EVANSVILLE, IN (WFIE) - Youth First Social Workers are meeting kids where they are most, at school.
“We will all face challenges and difficulties and how do we overcome those is the key and so we want to build skills around kids, protections around kids, so they are able to manage and cope and then ultimately be successful,” says Youth First President & CEO Parri Black.
With three additional social workers this year, 20 EVSC schools are now seeing the benefits. The track record is proven.
These Youth First Social Workers are changing and literally saving lives. They are licensed and trained to recognize stressors students are facing and how they are affecting their mental and emotional well-being.
The social workers listen and then teach students coping methods to build resiliency when times get tough. They also work with teachers on preventative measures and provide guidance to parents on best connecting with their kids.
One of the EVSC schools added to the list this year is Plaza Park. Principal Shane Browder says having a Youth First Social Worker has made a tremendous difference for the kids.
“It’s a resource that we haven’t had in the past to where now there is just a need that social emotional need and now we have another person on the property every day that can build relationships and be able to connect student needs to community partners to allow kids to move forward and come up with solutions to any situations they have,” says Dr. Browder.
High School Junior Joely Yaser remembers that day.
“It was not a good day," says Yaser. "Everything kept building up, and I didn’t know how to release my emotions or talk about them. I just blew up, and I kept everything in, and so I just I kind of snapped,”
It was 7th grade. A choice changed her life.
“I did have two options," says Yaser. "I was at the end of the hallway on the corner, and I was like should I go to the cafeteria and do something I’ll regret, or should I go straight and keep moving forward?”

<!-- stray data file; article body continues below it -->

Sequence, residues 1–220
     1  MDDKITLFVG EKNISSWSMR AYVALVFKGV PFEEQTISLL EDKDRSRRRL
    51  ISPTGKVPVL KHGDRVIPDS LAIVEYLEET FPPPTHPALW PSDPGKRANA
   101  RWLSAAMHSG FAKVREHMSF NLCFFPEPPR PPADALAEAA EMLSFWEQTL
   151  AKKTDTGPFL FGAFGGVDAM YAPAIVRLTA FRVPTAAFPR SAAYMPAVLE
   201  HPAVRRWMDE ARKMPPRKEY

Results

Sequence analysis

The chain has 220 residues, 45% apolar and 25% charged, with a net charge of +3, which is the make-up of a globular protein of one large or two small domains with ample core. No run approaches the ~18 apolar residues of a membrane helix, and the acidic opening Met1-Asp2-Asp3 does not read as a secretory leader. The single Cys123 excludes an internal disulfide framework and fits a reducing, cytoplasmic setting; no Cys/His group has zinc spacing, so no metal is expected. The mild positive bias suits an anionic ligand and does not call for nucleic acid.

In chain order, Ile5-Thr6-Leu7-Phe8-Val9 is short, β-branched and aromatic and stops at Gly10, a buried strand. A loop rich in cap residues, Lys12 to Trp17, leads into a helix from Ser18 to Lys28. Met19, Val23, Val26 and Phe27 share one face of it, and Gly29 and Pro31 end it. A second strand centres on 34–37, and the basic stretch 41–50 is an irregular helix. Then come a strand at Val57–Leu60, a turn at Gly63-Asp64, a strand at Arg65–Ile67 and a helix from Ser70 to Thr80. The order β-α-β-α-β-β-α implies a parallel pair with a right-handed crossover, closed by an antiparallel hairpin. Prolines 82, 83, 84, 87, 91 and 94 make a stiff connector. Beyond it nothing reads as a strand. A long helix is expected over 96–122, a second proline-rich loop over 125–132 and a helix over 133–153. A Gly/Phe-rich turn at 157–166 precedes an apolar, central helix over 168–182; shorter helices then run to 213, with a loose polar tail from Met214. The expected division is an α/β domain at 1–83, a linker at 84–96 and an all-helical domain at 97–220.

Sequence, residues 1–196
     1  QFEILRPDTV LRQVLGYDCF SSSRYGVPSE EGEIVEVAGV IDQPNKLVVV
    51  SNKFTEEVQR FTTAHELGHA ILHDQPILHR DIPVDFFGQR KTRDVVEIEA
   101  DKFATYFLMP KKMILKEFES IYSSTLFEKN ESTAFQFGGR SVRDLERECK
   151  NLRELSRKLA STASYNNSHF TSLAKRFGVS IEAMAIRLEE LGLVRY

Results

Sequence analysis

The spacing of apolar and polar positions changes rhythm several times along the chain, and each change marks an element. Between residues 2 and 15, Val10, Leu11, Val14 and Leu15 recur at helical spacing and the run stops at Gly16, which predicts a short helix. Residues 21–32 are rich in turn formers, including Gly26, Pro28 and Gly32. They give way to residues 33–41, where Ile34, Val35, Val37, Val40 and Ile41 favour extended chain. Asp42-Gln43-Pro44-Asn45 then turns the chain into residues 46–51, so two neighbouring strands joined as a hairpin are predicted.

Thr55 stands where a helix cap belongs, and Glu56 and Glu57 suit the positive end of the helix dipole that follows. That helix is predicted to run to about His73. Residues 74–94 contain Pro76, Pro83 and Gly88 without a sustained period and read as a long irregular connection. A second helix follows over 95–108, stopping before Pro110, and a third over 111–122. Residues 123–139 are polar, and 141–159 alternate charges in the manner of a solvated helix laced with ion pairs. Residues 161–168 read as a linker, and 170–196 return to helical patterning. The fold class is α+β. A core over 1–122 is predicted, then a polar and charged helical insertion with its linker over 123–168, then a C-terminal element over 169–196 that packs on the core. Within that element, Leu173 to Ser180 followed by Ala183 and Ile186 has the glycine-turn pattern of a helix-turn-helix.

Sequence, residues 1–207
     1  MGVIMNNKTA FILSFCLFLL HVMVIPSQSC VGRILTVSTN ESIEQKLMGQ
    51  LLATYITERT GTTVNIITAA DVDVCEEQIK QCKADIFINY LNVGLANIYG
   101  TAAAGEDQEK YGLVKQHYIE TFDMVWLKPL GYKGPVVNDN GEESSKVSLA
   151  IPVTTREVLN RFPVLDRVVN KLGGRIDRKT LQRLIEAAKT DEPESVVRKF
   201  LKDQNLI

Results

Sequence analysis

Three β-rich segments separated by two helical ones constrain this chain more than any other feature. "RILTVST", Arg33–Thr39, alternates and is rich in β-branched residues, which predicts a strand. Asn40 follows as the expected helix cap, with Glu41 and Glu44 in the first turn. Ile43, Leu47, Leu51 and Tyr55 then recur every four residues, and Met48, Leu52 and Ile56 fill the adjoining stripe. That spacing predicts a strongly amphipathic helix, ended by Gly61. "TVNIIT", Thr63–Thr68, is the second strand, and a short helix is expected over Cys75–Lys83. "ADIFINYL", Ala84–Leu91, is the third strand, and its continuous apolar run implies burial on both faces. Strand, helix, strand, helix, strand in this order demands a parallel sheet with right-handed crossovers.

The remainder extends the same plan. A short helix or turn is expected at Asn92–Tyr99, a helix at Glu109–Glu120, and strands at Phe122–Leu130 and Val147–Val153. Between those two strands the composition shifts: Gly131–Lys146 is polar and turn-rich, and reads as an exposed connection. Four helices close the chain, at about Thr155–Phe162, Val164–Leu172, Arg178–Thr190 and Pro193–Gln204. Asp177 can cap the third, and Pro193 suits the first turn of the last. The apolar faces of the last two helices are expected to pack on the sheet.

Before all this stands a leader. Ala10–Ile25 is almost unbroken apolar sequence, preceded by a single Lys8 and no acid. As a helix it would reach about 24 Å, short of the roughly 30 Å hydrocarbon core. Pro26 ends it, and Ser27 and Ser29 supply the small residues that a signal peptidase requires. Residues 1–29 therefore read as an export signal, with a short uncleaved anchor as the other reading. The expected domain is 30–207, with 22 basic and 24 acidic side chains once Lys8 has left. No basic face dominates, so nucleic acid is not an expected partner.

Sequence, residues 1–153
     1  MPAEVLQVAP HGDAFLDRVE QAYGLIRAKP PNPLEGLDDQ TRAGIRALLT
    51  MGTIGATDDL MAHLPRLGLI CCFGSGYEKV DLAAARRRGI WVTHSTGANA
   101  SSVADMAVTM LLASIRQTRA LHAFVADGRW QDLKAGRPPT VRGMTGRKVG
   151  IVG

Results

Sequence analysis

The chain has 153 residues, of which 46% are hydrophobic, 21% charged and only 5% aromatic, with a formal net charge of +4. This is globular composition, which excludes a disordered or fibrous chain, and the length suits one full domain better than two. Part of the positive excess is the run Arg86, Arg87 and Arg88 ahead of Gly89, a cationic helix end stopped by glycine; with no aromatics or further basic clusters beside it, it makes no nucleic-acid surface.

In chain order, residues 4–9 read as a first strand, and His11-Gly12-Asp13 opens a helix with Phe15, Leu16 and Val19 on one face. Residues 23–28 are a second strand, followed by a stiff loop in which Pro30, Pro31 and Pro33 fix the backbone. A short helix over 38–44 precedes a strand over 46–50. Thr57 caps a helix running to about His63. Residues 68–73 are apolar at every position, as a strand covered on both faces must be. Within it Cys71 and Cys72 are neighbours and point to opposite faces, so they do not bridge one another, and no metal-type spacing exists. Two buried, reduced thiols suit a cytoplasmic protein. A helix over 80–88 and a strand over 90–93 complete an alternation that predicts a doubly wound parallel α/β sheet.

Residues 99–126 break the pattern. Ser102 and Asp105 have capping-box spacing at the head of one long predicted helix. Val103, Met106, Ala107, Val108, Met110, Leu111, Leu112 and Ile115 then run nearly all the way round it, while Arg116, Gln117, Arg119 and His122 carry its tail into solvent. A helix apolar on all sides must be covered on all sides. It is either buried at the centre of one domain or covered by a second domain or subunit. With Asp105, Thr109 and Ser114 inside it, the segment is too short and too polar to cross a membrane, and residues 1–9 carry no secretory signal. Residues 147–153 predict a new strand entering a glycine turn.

Yaser believes she is here today because she chose to go to her Youth First Social Worker. She is like so many teens.
Every day is tainted by constant judging, confidence issues, and social media comparisons.
“Everyone’s changing," says Yaser. "Our bodies are changing and everything so people would just call me names. They were not supportive. They would start rumors.”
Yaser describes the feeling as being all alone with your pain, hopeless and helpless. Back then, Yaser took one day at a time, just trying to survive.
Now, she is planning for her future.
“I think I’m interested in becoming a paramedic," claims Yaser. "I definitely want to help others in the time when they’re vulnerable. I can help them in the time of their need.”
Of course, Yaser still has some hard days, but she has developed coping skills thanks to her Youth First Social Worker. Jenna Whitfield is one of the new additions.
“As more students got to know me it’s been an amazing experience," explained Whitfield. "Students have started telling me hey I’m concerned about this friend. Or I’ve even had students walk a friend down and say talk to her. I’ve talked to her. It’s helped me. So I think the stigma’s reduced quite a bit here.”
Youth First has 55 social workers serving in 76 schools. Their reach spans public and private schools in 10 counties.
They hope to keep expanding with adequate funding and support.